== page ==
Ten-Year-Old Boy Uses College Money To Buy “The Fridge’s” Super Bowl Ring . . And Returns It To The Ailing Bears Linebacker

For those of us who are lifelong Bears fans, there are few icons quite like William “The Refrigerator” Perry. It is well-known among Bears fans that Perry hit tough times financially and then was diagnosed with Guillain-Barre syndrome. I saw this story on Reddit and was moved by the kindness shown to Perry by a Cliff Forest, 10, who saw that Perry’s Super Bowl XX ring was being sold. Realizing that Perry may have had to sell it, Forest used $8,500 from his college fund to buy the ring . . . and then tracked down Perry and gave it to him.

It turns out that Forest is not even a Bears fans. He is from California.

Forest found “The Fridge” at the Ace Hardware Spring Convention at McCormick Place signing autographs and presented the ring to him. Perry declined to explain what happened to the ring but was overwhelmed by young Forest’s act of kindness.

Well done, Cliff.

Source: Sun Times

33 thoughts on “Ten-Year-Old Boy Uses College Money To Buy “The Fridge’s” Super Bowl Ring . . And Returns It To The Ailing Bears Linebacker”

  1. Wow, wonderful blog layout! How lengthy have you been blogging for? you make running a blog glance easy. The entire glance of your web site is wonderful, let alone the content material!

  2. Blouise:

    I am paying the price for my trip with a bountiful litigation schedule. Will check in when I can.

  3. mespo,

    You’re back! I can always trust football to pull you out of the wings.

  4. Bruce in Jersey:

    The quality of mercy is not tested by the means of the giver.

  5. Catullus:

    Right your are. Perry was what we call a “0 technique” in that Bear 46 Defense. He also did a stint at running back on the goal line team on offense.



  6. Yes, the story is heartwarming, but there are a few facts your readers should know before they send a contribution to young Cliff’s college fund. Cliff is Cliff Forrest (two r’s, not Forest), Jr., and he’s not from California. He’s from Pittsburgh, PA, where his father, Cliff Forrest Sr., is the owner of Rosebud Mining Company, which operates 26 coal mines in Ohio and Pennsylvania. (This information reported in the Sun Times http://www.suntimes.com/sports/football/4634086-419/the-fridge-stunned-to-get-super-bowl-ring-back.html and ESPN Chicago: http://sports.espn.go.com/chicago/nfl/news/story?id=6290024)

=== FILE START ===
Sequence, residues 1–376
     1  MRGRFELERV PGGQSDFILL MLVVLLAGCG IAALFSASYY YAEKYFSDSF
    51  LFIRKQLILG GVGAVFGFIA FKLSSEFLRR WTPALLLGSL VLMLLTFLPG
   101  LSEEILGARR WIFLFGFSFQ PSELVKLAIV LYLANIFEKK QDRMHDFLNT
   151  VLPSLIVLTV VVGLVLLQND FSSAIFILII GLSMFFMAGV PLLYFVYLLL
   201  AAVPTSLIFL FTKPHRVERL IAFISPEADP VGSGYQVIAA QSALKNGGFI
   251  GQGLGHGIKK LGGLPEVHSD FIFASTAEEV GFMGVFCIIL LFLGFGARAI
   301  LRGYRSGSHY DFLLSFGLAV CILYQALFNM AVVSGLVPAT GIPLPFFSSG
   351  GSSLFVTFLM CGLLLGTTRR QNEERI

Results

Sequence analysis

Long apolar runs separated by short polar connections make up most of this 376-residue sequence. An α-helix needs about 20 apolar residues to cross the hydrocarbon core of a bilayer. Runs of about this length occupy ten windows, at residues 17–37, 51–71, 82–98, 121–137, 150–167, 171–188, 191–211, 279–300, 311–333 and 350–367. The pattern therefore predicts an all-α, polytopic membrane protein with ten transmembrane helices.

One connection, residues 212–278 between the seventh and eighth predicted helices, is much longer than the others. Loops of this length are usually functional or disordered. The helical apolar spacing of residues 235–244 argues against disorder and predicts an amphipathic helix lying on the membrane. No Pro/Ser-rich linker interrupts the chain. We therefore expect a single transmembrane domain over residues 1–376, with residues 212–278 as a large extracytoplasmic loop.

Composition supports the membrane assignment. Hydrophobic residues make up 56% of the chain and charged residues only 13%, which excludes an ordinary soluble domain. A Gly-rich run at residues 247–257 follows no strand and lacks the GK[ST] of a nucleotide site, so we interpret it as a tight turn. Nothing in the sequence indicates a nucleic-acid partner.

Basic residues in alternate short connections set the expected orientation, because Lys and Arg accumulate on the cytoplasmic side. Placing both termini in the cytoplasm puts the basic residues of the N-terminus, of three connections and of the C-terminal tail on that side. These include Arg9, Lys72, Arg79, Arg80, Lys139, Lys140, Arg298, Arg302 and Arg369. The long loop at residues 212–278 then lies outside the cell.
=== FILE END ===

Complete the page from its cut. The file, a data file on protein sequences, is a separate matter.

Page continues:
I haven’t sniffed out Rosebud’s financials, but one can safely assume a man who owns 26 coal mines is pretty wealthy. This detracts very little from 10-year-old Cliff Jr.’s generosity. The fact that he’s got his own savings fund indicates his parents are raising him to manage money responsibly, and nothing compels a boy to give money away, even if he knows there’s more coming to him. But I don’t think his mother would have let him spend $8500 to recover a sentimental treasure for a down-at-the-heels ex-football player if it placed his future college education in any real jeopardy.

    So what we have here is a well-to-do family making a really nice gesture, and that is still praiseworthy, but – alas – not quite the same as if a poor or middle-income kid had done it.

  7. You must not be that well-informed of a Bears fan, professor, Perry was not a linebacker, he was a defensive tackle.

    Packers 31 Steelers 25

  8. BelgianBrain 1, April 6, 2011 at 2:37 pm

    Shaq is rich… the white man that signs his check is wealthy.

    Chris Rock making way too much sense: http://t.co/NuAWsKI
    hahahahahaha! those folks that own the color blue…hahahahahaha!

    now that’s funny….

  9. On the topic of William Perry (BTW I refuse to use the nickname that must cause him incredible grief now given his weight and attendant health problems)and the disposable athletes we use for sport, here’s an article detailing the sad — but not uncommon — existence of former jocks now suffering from the long term effects of their “passion.” We do well to recall that the average age of mortality of your average former NFL player is 54 years while the average American outlives him by a comfortable 20 more years. In addition, closed head injuries seem to be an epic problem. If ever an industry needed regulation on the grounds of safety, this is it. Likely we’ll need another Triangle Shirtwaste Factory fire case (circa 1911) to move the lawmakers, but it is inevitable.


  10. I’ll clip this posting and present it whenever I hear the tired old bromide about the ingratitude and laziness of today’s youth. I like this generation better than most of their “virtuous” and “industrious” predecessors. They seem smarter too.

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